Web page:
[Page 67]Abstract: Critics of Joseph Smith assert that he invented or imagined the First Vision and then deliberately altered the details in his subsequent first-person accounts of the event (also reflected in accounts recorded or related by others) to mislead his followers. That the details of the narrative changed so dramatically between the first version (1832) and the last authorized version (1842) is considered prima facie evidence that Joseph was deliberately inventing and embellishing his narrative to make it more credible. The only thing, say critics, that could possibly explain such divergent, and in some cases, radically different versions of the same event is either incredible forgetfulness or deliberate falsification. This paper, based on close textual analysis and the findings of contemporary scientific research on memory acquisition and retention — particularly memories of dramatic and powerful events — offers an alternative explanation, one that preserves the credibility and integrity of the prophet.
A tenet of modern Mormon criticism is that Joseph Smith invented the narrative of his First Vision and then deliberately altered the details in subsequent retellings over the years to mislead his followers. That the details of the narrative changed so dramatically between the first version (written in 1832) and the authorized version (written in 1838) is seen by some critics as incontrovertible evidence that Joseph fraudulently invented and reinvented his theophany to make it more [Page 68]dramatic, more hagiographic, and more self-aggrandizing.1 This paper, based on evidence from both textual analysis and cognitive neuroscience, posits a possible alternative explanation.
The contours of the story of the First Vision as it was first told are rather straightforward, and known by heart to Mormons the world over: An earnest fourteen-year-old frontier boy named Joseph Smith finds himself confused by the religious contention aflame both in his family and in his community. Reading the epistle of James one day, he is struck by what he sees as the simple admonition to ask God for an answer to his burning question as to which of the many contending sects is true. Taking the scriptural advice literally, he repairs to the nearby woods to pray. He reveals that he has never before prayed vocally, but on this occasion, he does so. As soon as he begins, he is frightened and almost overcome by the presence of some dark power that seems intent on his destruction. In desperation, he calls on God to deliver him; at that moment the heavens open and the darkness is dispelled by a pillar of light descending just above him, the brightness of which he describes as being greater than that of the sun. As the light descends and envelops him, he looks up and sees two beings whose brightness and glory are beyond his powers of description. One of the personages calls him by name and, pointing to the other, says, “This is my Beloved Son. Hear Him!” Then ensues a conversation in which Joseph asks the question for which he had been seeking an answer. He is told that he should join none of the churches because they are all corrupt. He is also told “many other things” which he says he cannot reveal. The experience overpowers him, and he awakens later to find himself “looking up into heaven,” the vision gone (JS–H 1:20). Although challenged immediately by incredulous hearers and experiencing “bitter persecution and reviling,” Smith nevertheless later affirms his experience: “I had actually seen a light, and in the midst of that light I saw two Personages, and they did in reality speak to me; and though I was hated and persecuted for saying that I had seen a vision, yet it was true … I had seen a vision; I knew it, and I knew that God knew it, and I could not deny it.”2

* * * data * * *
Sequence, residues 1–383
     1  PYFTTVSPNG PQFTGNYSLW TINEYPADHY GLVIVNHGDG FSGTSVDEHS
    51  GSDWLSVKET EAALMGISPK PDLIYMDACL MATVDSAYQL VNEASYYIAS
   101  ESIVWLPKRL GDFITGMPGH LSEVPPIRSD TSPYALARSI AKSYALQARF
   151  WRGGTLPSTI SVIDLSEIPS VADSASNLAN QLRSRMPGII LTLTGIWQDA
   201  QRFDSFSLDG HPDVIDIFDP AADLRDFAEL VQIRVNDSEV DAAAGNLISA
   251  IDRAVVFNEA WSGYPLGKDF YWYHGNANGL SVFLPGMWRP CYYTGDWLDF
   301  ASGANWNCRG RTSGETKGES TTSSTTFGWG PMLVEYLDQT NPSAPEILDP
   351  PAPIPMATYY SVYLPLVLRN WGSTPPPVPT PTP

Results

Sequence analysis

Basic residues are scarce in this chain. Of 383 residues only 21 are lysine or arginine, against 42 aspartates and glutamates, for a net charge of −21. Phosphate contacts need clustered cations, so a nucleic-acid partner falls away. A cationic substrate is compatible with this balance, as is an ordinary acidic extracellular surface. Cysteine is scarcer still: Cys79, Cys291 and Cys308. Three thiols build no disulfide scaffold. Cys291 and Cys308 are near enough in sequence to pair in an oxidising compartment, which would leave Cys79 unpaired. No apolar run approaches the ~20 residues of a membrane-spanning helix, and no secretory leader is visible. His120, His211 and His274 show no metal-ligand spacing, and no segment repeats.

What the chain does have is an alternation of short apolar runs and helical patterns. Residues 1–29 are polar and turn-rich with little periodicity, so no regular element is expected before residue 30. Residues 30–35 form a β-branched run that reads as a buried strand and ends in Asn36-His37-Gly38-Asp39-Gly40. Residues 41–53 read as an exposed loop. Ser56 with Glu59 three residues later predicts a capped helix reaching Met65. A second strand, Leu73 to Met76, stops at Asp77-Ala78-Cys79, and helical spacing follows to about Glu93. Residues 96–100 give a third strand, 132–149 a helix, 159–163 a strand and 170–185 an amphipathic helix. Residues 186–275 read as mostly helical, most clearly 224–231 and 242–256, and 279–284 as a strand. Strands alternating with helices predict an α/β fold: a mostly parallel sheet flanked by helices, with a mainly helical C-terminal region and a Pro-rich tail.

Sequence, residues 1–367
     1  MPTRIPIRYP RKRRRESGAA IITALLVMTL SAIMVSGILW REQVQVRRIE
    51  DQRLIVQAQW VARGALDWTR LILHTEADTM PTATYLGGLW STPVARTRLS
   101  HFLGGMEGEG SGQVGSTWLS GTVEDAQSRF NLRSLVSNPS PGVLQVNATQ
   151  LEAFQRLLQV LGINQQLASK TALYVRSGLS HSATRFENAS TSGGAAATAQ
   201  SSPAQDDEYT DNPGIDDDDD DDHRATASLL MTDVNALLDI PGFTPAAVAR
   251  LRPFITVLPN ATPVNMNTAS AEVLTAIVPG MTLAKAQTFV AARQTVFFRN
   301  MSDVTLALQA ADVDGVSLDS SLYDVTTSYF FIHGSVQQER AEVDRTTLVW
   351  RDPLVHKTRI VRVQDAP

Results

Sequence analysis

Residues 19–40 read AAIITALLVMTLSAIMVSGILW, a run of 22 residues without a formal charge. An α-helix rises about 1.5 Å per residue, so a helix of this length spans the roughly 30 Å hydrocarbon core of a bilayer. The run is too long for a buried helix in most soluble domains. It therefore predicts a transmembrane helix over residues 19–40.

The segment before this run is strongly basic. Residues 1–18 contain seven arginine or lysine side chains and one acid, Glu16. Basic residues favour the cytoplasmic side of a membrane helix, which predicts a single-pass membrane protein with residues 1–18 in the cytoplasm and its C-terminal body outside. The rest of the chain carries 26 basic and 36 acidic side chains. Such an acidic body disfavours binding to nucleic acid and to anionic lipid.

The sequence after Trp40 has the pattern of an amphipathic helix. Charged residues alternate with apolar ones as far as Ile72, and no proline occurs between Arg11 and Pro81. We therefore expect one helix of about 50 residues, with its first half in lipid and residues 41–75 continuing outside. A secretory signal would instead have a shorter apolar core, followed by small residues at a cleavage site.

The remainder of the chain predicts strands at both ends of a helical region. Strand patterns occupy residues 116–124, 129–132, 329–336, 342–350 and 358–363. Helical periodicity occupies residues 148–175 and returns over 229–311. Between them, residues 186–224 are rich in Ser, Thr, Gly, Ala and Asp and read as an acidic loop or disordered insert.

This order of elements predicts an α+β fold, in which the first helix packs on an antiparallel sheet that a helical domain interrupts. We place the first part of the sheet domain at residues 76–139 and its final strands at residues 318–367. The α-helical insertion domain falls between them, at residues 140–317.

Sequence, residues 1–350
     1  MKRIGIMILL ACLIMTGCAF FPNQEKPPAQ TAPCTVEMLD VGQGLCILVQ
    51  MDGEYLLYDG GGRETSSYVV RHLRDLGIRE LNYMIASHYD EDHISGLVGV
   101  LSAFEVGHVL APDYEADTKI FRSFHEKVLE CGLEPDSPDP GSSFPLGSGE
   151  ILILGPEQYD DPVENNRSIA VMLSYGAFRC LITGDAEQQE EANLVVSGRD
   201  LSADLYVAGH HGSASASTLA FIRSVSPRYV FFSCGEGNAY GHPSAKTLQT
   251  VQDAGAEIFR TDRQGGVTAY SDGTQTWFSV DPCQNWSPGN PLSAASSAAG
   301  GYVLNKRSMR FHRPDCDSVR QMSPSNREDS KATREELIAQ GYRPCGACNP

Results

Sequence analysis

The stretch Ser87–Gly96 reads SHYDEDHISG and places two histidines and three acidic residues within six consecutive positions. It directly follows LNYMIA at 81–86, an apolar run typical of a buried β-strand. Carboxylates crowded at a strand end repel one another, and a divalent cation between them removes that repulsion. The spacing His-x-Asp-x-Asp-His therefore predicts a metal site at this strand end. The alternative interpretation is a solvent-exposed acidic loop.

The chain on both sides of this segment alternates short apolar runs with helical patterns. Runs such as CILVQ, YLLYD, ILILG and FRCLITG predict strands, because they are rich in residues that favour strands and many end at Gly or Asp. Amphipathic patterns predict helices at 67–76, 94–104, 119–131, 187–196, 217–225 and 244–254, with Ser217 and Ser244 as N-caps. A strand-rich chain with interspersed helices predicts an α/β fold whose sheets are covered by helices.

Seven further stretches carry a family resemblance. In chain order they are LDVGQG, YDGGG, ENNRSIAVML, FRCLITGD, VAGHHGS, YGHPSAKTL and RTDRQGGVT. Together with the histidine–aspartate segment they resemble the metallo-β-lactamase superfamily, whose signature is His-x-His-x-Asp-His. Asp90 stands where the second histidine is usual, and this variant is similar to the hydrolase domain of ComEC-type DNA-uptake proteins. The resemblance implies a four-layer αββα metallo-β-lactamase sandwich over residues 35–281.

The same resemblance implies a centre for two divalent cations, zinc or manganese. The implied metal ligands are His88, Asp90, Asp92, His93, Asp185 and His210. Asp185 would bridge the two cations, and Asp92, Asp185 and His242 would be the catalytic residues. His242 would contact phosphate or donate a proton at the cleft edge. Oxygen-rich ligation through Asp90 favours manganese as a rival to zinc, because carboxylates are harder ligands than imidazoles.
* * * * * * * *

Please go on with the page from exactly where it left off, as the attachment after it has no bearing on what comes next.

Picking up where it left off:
[Page 69]That affirmation, along with the countervailing acceptance and skepticism that have ensued for two centuries, lies at the heart of Mormonism. On that singular event hinges what Mormons refer to as the Restoration — the claim that the original Church of Jesus Christ fell into apostasy and therefore required a restoration in the latter days. From that dramatic beginning in a frontier forest, the panoply of modern Mormonism has unfolded and flowed progressively into the world.
The standard argument against Joseph Smith’s account of his First Vision is that there are many conflicting accounts — or at least, many conflicting details among the accounts — leading to the conclusion that Joseph simply couldn’t keep his story straight. The differences among the various versions are neither subtle nor trivial and lead to multiple and valid questions. Was there a religious revival in the Palmyra area at the time Joseph says? Was Joseph’s intent in seeking divine help for forgiveness of his sins or in acquiring wisdom as to which church he should join? How many divine or angelic personages did he see, and who were they? Was Joseph commissioned by the divine personages to open the Last Dispensation of the gospel? How does one begin to approach a story for which four primary accounts survive (1832, 1835, 1838, and 1842), along with additional documentation by at least five other writers?
As a textual critic, I am convinced that our most productive focus is on the texts themselves. One cannot ignore whatever historical material exists relative to the texts, but since that information is itself often incomplete and open to dispute, what we are ultimately left with are the words of the texts — the vocabulary, syntax, rhetorical devices, narrative patterns, and stylistic expressions of the author or authors. What do these reveal beyond the obvious, surface differences? Do they offer any clues to the resolution of the question of Joseph’s veracity and integrity? What details in the text are most revelatory, both of the reliability of Joseph’s account of his vision and of him as the teller or reliable narrator of his story? In considering such questions, we will first examine the text itself and then consider the vagaries of memory and how memory itself is affected by what we understand of modern cognitive neuroscience in relation to powerful, emotionally resonant experiences commonly called “flashbulb memories.”